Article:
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Dreamers and Their Shadows Paperback – July 12, 2013
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About the Author
Douglas Penick was a research associate at the Museum of Modern Art in New York and at The Institute for Architecture and Urban Studies. He studied and practiced Tibetan Buddhism for more than 35 years. He has written and taught on Tibetan, Chinese, Japanese, and Indian religion, history and culture. He wrote the National Film Board of Canada’s prize winning two part series on the Tibetan Book of the Dead and the libretti for two operas: KING GESAR (Sony CD w/ Ma, Serkin, Ax et. al.) and ASHOKA'S DREAM (Santa Fe Opera) with composer, Peter Lieberson. He is the author of three books deriving from the epic cycle on the life of King Gesar of Ling: WARRIOR SONG OF KING GESAR, CROSSINGS ON A BRIDGE OF LIGHT, and THE BRILLIANCE OF NAKED MIND. His novel about the 3rd Ming Emperor, A JOURNEY OF THE NORTH STAR was published last year by Publerati.
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Top customer reviews
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As Trungpa Rinpoche's brother-in-law, Penick had a front row seat in the serendipitous, magical and befuddling mandala that surrounded this great teacher. Trungpa, living in naked awareness, brought profund impact and whimsical humor everywhere he went, and Penick has beautifully evoked that sweet, powerful presence. This book can change your mind, as Trungpa did literally to hundreds of his students.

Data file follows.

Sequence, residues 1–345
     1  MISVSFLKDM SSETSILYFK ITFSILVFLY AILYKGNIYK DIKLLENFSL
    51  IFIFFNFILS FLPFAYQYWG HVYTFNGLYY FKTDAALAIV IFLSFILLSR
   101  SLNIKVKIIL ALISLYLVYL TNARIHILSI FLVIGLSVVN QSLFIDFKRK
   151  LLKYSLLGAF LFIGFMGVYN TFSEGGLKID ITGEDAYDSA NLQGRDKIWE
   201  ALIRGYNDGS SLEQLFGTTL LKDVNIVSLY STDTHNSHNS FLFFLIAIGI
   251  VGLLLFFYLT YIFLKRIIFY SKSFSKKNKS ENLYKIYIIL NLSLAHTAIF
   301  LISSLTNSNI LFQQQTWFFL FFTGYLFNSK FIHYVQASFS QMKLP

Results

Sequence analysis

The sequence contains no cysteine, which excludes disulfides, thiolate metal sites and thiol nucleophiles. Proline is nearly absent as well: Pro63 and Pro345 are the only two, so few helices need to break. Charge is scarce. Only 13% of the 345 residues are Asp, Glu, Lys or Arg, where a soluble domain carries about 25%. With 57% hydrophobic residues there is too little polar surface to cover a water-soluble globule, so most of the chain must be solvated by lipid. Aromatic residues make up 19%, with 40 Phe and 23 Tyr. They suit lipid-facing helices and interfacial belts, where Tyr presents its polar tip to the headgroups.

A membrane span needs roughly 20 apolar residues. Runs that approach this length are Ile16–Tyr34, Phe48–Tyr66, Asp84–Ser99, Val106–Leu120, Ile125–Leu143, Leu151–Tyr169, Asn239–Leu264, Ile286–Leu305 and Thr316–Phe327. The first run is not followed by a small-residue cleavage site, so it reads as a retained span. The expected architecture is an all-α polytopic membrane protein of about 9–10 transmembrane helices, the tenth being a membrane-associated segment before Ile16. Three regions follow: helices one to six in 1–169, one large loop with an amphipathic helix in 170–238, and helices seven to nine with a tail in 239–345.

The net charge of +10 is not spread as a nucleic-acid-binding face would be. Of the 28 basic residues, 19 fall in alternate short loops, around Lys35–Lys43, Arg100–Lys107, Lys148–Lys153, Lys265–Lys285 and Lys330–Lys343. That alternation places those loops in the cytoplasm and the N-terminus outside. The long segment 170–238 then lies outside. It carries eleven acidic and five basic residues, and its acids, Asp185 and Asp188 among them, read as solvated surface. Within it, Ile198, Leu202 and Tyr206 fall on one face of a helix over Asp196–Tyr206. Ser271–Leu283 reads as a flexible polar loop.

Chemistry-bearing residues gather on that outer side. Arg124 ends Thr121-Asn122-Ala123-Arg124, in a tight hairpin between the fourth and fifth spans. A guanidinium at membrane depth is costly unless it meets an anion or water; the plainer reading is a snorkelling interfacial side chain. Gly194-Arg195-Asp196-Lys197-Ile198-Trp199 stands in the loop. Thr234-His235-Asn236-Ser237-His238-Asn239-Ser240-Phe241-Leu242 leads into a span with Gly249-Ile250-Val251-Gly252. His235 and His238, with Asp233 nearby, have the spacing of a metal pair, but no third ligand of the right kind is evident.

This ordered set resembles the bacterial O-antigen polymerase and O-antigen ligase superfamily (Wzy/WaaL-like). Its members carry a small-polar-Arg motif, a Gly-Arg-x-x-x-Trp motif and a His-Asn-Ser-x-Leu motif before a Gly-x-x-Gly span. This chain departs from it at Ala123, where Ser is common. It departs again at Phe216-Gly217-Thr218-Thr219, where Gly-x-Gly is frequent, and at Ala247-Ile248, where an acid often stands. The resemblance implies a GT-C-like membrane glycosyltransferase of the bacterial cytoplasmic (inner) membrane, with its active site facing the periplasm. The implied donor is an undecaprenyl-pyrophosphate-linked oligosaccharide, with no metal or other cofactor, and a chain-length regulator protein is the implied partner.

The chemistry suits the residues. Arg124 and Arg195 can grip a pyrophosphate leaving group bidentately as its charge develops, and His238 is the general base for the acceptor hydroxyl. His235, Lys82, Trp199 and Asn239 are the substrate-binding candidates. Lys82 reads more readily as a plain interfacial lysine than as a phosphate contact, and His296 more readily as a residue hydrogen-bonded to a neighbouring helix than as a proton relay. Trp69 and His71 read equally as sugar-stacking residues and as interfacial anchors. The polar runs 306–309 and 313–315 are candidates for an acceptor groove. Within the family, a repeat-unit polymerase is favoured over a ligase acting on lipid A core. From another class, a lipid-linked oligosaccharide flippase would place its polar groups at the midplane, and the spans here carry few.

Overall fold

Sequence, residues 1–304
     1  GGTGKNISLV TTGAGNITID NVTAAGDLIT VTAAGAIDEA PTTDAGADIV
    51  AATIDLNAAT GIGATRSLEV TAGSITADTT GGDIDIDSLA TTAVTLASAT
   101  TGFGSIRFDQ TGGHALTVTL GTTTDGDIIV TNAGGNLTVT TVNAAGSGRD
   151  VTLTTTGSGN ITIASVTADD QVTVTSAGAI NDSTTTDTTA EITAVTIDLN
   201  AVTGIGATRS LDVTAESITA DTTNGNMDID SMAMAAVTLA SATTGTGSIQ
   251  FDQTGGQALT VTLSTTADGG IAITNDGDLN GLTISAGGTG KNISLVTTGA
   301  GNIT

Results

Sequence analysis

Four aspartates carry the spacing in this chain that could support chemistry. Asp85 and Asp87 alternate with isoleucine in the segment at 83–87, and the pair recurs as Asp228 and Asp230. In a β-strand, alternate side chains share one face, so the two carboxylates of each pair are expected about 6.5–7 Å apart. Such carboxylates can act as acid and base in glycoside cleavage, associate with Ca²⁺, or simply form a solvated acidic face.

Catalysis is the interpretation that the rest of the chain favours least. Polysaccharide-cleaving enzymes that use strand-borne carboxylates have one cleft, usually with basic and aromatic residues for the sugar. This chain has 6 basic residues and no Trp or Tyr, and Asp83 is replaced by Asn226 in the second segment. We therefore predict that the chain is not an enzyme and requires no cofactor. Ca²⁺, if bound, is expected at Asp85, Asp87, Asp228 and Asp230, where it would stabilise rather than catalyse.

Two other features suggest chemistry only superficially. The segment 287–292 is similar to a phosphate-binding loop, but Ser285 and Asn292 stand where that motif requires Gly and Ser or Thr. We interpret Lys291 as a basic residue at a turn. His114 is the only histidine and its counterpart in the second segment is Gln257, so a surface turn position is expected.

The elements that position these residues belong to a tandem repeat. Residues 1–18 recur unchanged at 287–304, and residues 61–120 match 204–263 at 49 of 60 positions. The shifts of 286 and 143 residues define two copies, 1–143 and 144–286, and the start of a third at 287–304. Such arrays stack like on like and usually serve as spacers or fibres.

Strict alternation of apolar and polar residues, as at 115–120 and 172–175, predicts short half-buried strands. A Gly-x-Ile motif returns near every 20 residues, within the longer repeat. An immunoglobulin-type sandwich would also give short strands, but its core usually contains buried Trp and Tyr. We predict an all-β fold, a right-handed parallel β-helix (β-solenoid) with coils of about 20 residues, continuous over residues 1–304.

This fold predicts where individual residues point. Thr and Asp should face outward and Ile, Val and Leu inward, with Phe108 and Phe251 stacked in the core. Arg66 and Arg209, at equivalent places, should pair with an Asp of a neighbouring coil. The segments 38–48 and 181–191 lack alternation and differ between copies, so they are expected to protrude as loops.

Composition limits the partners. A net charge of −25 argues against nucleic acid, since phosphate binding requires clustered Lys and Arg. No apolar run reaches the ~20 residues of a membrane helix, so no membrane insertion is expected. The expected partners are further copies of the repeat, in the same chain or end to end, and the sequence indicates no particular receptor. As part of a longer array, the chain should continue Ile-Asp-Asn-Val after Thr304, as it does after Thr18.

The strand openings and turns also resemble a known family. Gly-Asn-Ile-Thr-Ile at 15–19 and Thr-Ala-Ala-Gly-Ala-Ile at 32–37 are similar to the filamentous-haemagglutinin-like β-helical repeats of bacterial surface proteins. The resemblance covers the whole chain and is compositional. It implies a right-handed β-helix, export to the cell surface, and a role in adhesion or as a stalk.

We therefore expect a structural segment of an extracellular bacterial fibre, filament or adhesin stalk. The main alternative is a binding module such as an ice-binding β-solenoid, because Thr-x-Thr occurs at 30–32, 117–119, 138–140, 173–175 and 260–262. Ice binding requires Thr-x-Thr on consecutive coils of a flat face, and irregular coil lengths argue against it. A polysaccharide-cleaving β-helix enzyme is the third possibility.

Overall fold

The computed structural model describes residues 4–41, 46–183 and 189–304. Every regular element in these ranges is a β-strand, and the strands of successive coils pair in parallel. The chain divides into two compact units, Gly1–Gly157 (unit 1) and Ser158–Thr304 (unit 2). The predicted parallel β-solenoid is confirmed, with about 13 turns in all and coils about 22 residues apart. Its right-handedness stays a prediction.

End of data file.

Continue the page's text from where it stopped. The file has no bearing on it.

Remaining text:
I’ve always been interested in personal accounts of this most unusual of individuals, so put in an order as soon as I saw it mentioned in Jim Lowrey’s wonderful memoir of Chogyam Trungpa and the Pygmies, “Taming Untameable Beings”. However, I’d thought the Amazon description somewhat contrived and too clever by far, and my purchase was more in hope than expectation. In the event I found that I quickly became engrossed in the oddly shifting alternate realities that make up the book, from the, at first sight, superficial cover story of the graduate student struggling in Japan, to the central substantial core that is Chogyam Trungpa himself, manifesting, as if in a dream landscape, as a mythic sixteenth century charismatic teacher embedded in a twentieth century hoax, while all the time the nature of memory itself is gently challenged.
Douglas Penick was well placed to observe these events and, despite, perhaps even because of, this use of alternate dreamlike reality, is able to convey the essence of events and teachings in rare clarity. In some strange way the mythic quality of Chogyam Trungpa is emphasised without taking away from the personal nature of the account. Not only did I really enjoy this book, but I found moments in it of remarkable depth.
Many thanks Douglas.